The S&P 500 index yields a paltry 1.5% today, so investors looking for big yields have their work cut out for them. However, that doesn't mean income-focused investors can't find great stocks paying generous dividends. You just need to be selective. Here are three names with yields over 5% (more than three times the broader market) that are worth a deep dive. 

1. Mixing things up

The first name is real estate investment trust (REIT) W. P. Carey (WPC -1.10%). You know that diversification is good for your portfolio, but this landlord proves it is also good for REITs. In 2020, when some of its peers were having trouble collecting rents because of the coronavirus pandemic, W. P. Carey's rent collection rate never dipped below 96%. A big part of that was the diversification in its portfolio, which is spread across the industrial (25% of rents), office (23%), warehouse (22%), retail (15%), and self storage (5%) sectors ("other" makes up the rest). In addition, it generates nearly 40% of its rents from outside of the United States.  

A jar of coins with the word dividends written on it.

Image source: Getty Images.

Notably, the REIT also has an incredible history of returning value to investors via dividend hikes, with an increase in each year since its 1998 IPO. That includes four increases in 2020, a year in which many REITs were forced to cut their distributions. In fairness, W. P. Carey tends to work with financially riskier tenants, but it looks to control this risk by focusing on originating leases with companies that it believes will see improving finances in the future. Moreover, it uses the net lease structure, which leaves tenants responsible for most of the costs of the assets they occupy. Net lease is generally considered a relatively low-risk approach in the real estate sector. All in, the REIT's 5.9% dividend yield looks well supported by the business and attractive even for more conservative investors.   

2. In the middle

The next name, Enbridge (ENB -1.07%), falls into the midstream energy sector, but its business is more diverse than just owning pipelines. Indeed, while oil (54% of EBITDA) and natural gas (29%) pipelines make up the bulk of its portfolio, the Canadian energy giant also owns a natural gas utility (14%) and is investing in renewable power assets (3%). Its pipelines, meanwhile, are a vital link in the energy supply chain and can't be easily replaced. In other words, so long as the world is using oil and natural gas, Enbridge is likely to have customers for its largely fee-based assets.  

CVX Dividend Yield Chart

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Meanwhile, the material exposure to natural gas is purposeful, as it positions Enbridge well in a sector management believes will help transition the world toward a cleaner future. So it isn't ignoring the global warming issue, it's trying to help advance the process of dealing with the problem. That includes its renewable power business, which is set to expand thanks to a series of offshore wind projects in Europe. All in, Enbridge believes its portfolio of assets can support $3 billion to $4 billion of growth spending for the foreseeable future, which should lead to distributable cash flow growth of 5% to 7% a year. Dividends should track along with that, extending its existing 26-year annual increase streak. Now add in a current dividend yield of 7.1% and there's a lot to like here for dividend investors.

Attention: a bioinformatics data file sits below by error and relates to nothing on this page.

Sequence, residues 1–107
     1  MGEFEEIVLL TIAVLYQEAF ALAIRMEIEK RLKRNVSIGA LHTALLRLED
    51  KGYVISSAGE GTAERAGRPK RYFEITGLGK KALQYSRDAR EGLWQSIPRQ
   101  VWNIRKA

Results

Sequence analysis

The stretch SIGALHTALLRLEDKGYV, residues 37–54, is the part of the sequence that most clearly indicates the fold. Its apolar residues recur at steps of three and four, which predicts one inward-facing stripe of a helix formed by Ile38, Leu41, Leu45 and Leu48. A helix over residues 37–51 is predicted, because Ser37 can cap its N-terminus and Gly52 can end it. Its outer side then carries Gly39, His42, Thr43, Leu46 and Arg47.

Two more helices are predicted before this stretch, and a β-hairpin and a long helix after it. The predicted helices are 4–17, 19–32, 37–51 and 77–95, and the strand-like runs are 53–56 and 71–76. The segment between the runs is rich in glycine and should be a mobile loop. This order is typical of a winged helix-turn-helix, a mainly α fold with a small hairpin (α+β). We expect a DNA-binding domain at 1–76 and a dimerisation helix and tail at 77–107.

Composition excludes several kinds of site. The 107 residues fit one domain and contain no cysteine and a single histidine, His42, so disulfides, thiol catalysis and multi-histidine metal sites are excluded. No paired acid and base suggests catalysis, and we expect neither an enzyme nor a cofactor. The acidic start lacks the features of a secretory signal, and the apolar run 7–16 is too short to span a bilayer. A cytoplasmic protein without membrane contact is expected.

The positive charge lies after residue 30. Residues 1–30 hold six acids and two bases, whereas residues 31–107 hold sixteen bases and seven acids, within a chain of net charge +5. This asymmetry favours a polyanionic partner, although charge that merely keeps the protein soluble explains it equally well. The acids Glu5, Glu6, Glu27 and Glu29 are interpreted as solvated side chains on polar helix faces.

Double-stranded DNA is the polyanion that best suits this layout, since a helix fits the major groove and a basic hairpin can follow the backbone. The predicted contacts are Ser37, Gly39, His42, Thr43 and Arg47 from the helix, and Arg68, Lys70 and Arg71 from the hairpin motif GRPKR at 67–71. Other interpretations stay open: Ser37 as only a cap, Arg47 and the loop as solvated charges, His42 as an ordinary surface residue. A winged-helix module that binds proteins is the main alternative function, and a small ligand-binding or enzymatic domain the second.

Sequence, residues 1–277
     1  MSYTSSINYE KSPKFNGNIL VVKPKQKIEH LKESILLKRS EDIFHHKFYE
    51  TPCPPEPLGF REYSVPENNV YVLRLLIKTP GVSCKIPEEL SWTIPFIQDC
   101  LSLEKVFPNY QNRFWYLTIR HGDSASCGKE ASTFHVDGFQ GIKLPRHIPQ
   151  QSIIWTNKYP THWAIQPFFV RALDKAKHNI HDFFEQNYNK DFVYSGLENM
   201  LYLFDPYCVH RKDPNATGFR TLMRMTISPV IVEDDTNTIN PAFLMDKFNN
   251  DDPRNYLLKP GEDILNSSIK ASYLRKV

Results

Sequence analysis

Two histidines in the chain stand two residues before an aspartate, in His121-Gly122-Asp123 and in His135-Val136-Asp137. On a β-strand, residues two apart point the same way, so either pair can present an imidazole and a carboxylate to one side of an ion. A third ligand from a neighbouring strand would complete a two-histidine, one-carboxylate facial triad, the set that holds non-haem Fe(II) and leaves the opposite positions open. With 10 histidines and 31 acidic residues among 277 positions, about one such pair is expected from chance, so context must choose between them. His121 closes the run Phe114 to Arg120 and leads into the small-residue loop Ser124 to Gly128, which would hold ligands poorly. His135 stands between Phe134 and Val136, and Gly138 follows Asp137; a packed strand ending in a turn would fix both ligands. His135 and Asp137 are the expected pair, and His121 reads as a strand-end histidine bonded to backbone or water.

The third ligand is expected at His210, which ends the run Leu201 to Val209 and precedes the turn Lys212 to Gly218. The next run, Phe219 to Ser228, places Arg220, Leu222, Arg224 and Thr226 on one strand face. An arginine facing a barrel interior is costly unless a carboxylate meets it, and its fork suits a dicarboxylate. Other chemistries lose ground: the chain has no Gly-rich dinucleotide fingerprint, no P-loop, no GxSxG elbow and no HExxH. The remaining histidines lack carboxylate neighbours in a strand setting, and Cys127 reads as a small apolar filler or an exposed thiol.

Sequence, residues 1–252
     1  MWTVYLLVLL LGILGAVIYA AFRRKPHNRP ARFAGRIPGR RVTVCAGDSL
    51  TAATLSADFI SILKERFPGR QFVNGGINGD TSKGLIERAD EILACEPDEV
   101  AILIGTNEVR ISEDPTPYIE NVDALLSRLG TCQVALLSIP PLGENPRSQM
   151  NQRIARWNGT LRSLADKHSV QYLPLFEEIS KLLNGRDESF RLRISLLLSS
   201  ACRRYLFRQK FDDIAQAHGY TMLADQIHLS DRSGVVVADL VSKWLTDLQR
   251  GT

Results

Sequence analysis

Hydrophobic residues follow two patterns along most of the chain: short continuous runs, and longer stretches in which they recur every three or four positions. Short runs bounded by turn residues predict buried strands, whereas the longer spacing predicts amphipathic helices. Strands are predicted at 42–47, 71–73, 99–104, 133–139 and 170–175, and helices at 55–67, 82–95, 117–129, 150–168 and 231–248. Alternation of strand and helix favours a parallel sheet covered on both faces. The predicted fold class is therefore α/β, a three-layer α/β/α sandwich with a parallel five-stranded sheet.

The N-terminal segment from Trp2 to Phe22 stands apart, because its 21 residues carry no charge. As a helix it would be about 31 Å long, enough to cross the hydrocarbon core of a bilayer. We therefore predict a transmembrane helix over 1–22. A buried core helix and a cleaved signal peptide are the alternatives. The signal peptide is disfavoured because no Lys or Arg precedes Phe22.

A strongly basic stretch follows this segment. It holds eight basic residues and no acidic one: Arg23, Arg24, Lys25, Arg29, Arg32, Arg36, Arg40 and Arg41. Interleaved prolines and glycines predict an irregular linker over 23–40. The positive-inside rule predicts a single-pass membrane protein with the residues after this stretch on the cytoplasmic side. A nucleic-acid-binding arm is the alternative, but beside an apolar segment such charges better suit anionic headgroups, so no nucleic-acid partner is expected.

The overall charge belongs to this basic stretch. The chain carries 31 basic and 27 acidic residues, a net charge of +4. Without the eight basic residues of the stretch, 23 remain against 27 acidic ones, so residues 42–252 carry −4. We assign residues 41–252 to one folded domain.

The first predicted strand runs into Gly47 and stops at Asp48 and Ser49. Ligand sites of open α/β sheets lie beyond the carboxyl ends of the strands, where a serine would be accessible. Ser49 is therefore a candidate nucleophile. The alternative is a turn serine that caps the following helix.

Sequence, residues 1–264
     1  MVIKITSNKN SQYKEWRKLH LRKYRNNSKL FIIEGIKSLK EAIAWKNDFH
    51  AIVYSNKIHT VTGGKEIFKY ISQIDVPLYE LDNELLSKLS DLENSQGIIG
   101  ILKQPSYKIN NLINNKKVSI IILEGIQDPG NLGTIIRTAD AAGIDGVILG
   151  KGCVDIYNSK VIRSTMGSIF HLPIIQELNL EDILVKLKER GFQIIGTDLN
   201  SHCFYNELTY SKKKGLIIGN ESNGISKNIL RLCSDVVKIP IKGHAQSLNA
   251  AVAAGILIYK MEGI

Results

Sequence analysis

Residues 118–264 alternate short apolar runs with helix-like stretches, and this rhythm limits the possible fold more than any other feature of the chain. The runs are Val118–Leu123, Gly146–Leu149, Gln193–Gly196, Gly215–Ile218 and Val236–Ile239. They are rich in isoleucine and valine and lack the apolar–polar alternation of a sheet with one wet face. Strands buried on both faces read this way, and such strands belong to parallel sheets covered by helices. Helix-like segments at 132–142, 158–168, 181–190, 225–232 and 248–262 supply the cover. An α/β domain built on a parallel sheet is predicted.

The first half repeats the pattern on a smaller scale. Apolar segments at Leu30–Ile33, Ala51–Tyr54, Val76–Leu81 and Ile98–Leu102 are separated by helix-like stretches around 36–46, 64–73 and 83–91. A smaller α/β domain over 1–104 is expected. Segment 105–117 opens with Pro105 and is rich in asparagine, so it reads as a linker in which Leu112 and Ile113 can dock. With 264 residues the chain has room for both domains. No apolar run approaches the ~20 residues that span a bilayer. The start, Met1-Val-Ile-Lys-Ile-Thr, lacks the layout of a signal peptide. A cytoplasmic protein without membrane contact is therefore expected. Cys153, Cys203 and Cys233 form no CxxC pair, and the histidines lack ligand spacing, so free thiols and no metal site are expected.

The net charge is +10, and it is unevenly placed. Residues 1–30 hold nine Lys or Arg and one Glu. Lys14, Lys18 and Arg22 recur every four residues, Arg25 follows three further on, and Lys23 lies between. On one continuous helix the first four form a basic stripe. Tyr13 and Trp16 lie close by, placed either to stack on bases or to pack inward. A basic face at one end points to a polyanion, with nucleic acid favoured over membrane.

3. A focused bet

So far this list has included diversified companies, but now it's time for a little more focus. Integrated energy giant Chevron (CVX -1.81%) is sitting at roughly the 5% yield level today. The company is one of the largest oil and natural gas producers in the world. And while it has exposure across the energy space, from the upstream (drilling) to the downstream (chemicals and refining), it has made the decision to stick close to its core and not expand aggressively, like some of its peers, into the renewable power sector. That's not to suggest Chevron's management is ignoring the clean energy zeitgeist, but it just isn't ready to make wholesale changes just yet.

Times are not easy today for energy-focused names like Chevron, which had a terrible year in 2020. But it muddled through and managed to extend its annual dividend increase streak, which is over three decades long at this point. That's a pretty impressive statement, noting that some of its peers ended up cutting their dividends. An important distinction for Chevron is the strength of its balance sheet, which is one of the cleanest in the industry with a debt-to-equity ratio of about 0.33 times (a reasonable number for any company, actually). If you believe that oil and natural gas will remain vital to the world's energy needs, then Chevron could be for you. That said, the highly variable nature of energy prices means you'll need to be able to shoulder some short-term uncertainty if you decide to buy it.  

Good income options

There's no such thing as a perfect stock, so each of the names here come with some issues that need to be considered before buying. For W. P. Carey that includes a willingness to work with weaker credits and for Enbridge and Chevron the big issue is carbon. However, history shows that all three have rewarded investors well via growing dividends and their high yields provide notable compensation for the risks. If you are a dividend investor looking to maximize your current income, this trio should all be on your short list today.